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MAM's auction is now a 'Big Night' with online bids, music comp

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The Missoula Art Museum’s annual art auction is more inclusive and multi-genre than ever before.

Because of the pandemic and the freeze on live events, they’re renaming it MAM’s “Big Night.”

On Feb. 12, there’ll be an hour-long streamed show from their galleries, preceded by weeks of online bidding, open on Feb. 1, on all 120-plus works that were submitted. As a musical flourish, they're producing a download compilation of local music.

The auction is the nonprofit museum’s largest fundraiser of the year, helping to keep admission free for its year-round exhibitions of regional contemporary art.

While the museum has remained open since early June with health restrictions, the pandemic has affected the amount of foot traffic.

“Our whole business model depends on public attendance, interacting and talking about art with people,” said Laura Millin, MAM’s executive director.

Its live events were designed to bring artists in for talks and interactions, and having the opportunity to speak with viewers directly about their ideas. The staff are proud of their success with online versions, but the art experience really hinges on being in a space with the work.

“Viewing art and being with art is a physical thing,” said associate curator John Calsbeek, which generates conversations that won’t happen otherwise.

Online, though, there is the potential to include more artists and more out-of-state viewers for the fundraiser.

After going through the normal process of jurying, MAM staff realized that they don’t have any space or time constraints this year. No shipping art to Montana or farther away and hanging it in their galleries for a preview exhibition. Then moving it to the University Center Ballroom for the live event. No rush to have the auctioneer bid all of them up over the course of few hours.  

Since “everything’s out the window” this year anyway, Calsbeek said, they decided to be inclusive and accept all 120-plus pieces.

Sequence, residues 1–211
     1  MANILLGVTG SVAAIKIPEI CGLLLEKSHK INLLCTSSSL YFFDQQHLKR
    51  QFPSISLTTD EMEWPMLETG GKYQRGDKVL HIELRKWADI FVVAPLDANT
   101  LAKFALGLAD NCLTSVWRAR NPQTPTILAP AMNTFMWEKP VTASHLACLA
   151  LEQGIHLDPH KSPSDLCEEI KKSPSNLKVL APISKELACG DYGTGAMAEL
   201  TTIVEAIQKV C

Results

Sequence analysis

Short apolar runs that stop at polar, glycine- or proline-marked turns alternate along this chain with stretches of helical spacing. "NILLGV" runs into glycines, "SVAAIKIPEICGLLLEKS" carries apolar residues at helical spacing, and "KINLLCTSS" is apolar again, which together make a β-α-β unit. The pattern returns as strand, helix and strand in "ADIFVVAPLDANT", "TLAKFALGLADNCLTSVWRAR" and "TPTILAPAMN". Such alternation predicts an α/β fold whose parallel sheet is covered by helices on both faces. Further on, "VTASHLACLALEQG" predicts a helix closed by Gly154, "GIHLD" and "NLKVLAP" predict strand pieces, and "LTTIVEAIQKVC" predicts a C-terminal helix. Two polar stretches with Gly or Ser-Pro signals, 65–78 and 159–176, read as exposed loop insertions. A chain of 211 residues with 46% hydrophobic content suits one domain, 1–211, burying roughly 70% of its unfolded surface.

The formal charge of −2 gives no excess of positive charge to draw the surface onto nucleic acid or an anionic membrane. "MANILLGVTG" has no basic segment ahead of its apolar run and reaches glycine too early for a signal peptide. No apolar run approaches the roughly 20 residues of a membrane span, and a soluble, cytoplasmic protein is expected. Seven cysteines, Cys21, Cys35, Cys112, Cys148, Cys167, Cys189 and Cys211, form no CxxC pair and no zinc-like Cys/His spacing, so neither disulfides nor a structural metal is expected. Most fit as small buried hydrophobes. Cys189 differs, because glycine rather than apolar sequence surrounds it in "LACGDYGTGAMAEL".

After considering the difficult year, "it felt better to say yes," he said. The artist are always taking a risk by submitting, and all involved are taking a chance by steering an in-person event with hundreds of supporters into a new format.

It will mean more support for artists in tough times — the split of proceeds is 50-50 or higher in the MAM's favor if the artist chooses. In years past, they’ve sent out $40,000 to artists within days of the auction.

Last year, they used an online platform for all the silent auction that was successful and a positive base for this year. The artwork will be online starting on Jan. 15, with bidding to start on Feb. 1 and it will end after the streamed event. 

One set of artworks will be featured during a one-hour live event streams from the MAM with their regular auctioneer, Johnna Wells.

There is an etching by the late Rick Bartow, an Indigenous (Wiyot) artist who’s celebrated around the Northwest and beyond; a large fabric cat by Missoula’s Nancy Erickson; a glass vessel donated by Lillian Pitt, whose work was featured in a popular exhibition in the contemporary indigenous art gallery a few years ago, a big sculpture piece by the late Jay Rummell, and more.

They're having some video spots recorded to spotlight the MAM's mission and testimonials as well. 

The exhibition includes many familiar names from years past and has the feel of a “statewide show,” Millin said. Josh DeWeese of Bozeman donated a large decorated jar. Jon Lodge of Billings donated an abstract work whose design is tied to music theory. Beth Lo of Missoula gave a ceramic urn. Corky Clairmont of Pablo gave a raven print.

Asha MacDonald, a popular artist from past auctions, painted a contemplative realist seascape. Kaori Takamura, who showed work at Radius Gallery last year, contributed a characteristically eye-popping mixed media piece rooted in typography and abstraction. 

Artists like April Werle of Missoula are familiar from murals and art shows around town but new to the auction night. Stephanie Dishno, a Missoula-based ceramicist who exhibited massive figurine sculptures at the University of Montana at the start of 2020, donated a bust. 

Some special, non-art items include meals and drink combos from Rumour and the James Bar and a Bare Bait Dance performance in the winners’ yard.

Another new feature draws attention to the plight of musicians, who've had few to no gigging opportunities since venues closed in March. The MAM partnered with the Montana Area Music Association to produce a digital album, “Getting Thru: A Compilation,” drawn from submissions by artists who are from Montana or have ties to the state.

The final selection hasn't been made yet, but 50 groups responded to the open call. The album goes live on Feb. 1 through Bandcamp. For information about it or any of the auction features, head to 


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